Rhyne consistently scored 30 points or more nine times during that stretch, helping lead the Statesmen to wins over eventual district runner-up Northmor and Tri-Valley Conference Ohio Division champion Vinton County.

He also scored his 1,000th career point during a 54-49 win over Pickaway County rival Westfall in mid-January.

New Hope’s Clayton Rhyne poses for a photo with the Bob Bowsher Memorial Trophy, presented to the top senior boys basketball player in Pickaway County.

One of the games that stood out to Rhyne during the run was bouncing back from a loss to Eastern Pike the previous night to go on the road and hand Cincinnati Christian its first loss of the season, 69-65.

“We had to travel two-and-a-half hours down there the following afternoon and they looked a lot better than us,” Rhyne said of the Cougars, who finished the season at 21-3. “They outsized us at every position, they were more athletic, but we found a way as a team to beat them. That was a special win.”

The Statesmen won four games during the OCSAA tournament, including finishing the state championship game on a run of 22 straight points to defeat Community Christian 65-36 on the campus of Ohio Christian University.

Rhyne scored 16 of his game-high 34 points during the decisive fourth quarter run.

“We breezed past the first three opponents we played during the tournament and figured the last game would probably one-sided, as well,” Rhyne said. “We really struggled shooting the basketball and it was a seven-point game early in the fourth, where we knew we needed to do something.

“We started attacking from the wing to get into the lane and had success with it. I knew that if I missed the shot, Lane was the tallest player on the court (at 6-foot-7), and he would grab the rebound and score.”

New Hope’s Clayton Rhyne cuts down his part of a championship net following a 65-36 win over Community Christian in the OCSAA state final. Rhyne scored 16 of his game-high 34 points during a 22-0 run to seal the win.

Rhyne finishes his high school career with 1,359 points, a statistic that comes as a byproduct of countless hours of hard work. The senior guard spends 90 minutes daily during the spring, an hour shooting the basketball late into the twilight of summer and two hours a day during the fall to hone his craft.

“When I go out and shoot the basketball, I take my time and work on scenarios on how I am going to score, anticipating what the defense is going to do and reacting to how they are going to try and defend me, especially if I am driving to the basket,” Rhyne said. “I watch a lot of basketball on television, and I try to pick up moves from different players and try to develop them into my game while knowing my limits as a player.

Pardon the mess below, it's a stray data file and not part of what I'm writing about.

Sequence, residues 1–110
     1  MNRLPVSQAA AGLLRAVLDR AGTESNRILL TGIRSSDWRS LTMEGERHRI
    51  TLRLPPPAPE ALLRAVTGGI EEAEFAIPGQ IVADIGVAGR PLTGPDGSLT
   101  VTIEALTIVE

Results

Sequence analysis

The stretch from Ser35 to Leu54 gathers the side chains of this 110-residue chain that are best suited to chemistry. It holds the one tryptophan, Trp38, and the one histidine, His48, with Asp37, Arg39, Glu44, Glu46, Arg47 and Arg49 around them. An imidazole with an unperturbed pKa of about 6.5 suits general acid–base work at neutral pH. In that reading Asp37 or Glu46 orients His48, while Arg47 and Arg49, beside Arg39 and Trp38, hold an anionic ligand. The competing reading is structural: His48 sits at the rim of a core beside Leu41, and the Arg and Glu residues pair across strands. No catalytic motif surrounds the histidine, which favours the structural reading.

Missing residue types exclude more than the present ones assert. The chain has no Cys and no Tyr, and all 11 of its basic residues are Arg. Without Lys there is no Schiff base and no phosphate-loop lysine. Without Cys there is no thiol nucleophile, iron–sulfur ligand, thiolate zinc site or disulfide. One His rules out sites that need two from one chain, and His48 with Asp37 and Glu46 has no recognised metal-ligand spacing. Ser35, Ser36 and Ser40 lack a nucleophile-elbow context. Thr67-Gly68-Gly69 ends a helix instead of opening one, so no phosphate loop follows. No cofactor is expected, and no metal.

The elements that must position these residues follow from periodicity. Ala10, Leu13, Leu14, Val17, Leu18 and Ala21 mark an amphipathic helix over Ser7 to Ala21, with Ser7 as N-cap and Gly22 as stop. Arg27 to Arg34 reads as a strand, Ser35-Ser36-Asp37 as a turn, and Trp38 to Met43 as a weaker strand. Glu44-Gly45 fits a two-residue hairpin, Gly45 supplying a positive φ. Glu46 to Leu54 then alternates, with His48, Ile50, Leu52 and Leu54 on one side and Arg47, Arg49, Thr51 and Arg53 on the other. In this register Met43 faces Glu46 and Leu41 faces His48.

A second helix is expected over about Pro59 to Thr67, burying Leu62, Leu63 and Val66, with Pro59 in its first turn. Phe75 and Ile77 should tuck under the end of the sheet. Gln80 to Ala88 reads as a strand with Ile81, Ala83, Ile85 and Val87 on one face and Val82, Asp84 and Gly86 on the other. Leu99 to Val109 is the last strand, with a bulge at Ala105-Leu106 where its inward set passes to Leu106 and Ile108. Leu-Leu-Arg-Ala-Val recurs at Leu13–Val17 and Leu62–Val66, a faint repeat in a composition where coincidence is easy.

“I don’t try to have 15 different moves that I can do. I try to do between five-to-seven as well as I can, along with developing my left hand so I can score off either hand.”

Roese would often grab a couple of players at the end of practice and watch from the opposite end of the court how Rhyne went about his work.

“I wanted them to watch Clayton put his ear plugs in, visualize those shots, how the defense was going to play him and go through those end of game scenarios where he kept winning the game time and time again,” Roese said. “Clayton is the type of player who makes a coach look good with his ability and his ability comes from the work he puts into his craft. No one is going to outwork Clayton.

“If the game is on the line, I was going to put the basketball in Clayton’s hand time and time again. I don’t care if he had missed 20 shots in a game, he was going to get that 21st shot because he put the work in to prepare for that opportunity. We need another two-to-three guys to be like that moving forward and want to follow in Clayton’s steps, so that’s why I take guys aside to show them what he does, because his success comes from all that preparation.”

Rhyne had the opportunity to play six times this season inside the Maxwell Center and was so comfortable that he will play the next four seasons collegiately for Ohio Christian University.

New Hope senior Clayton Rhyne recently signed to play basketball for Ohio Christian University.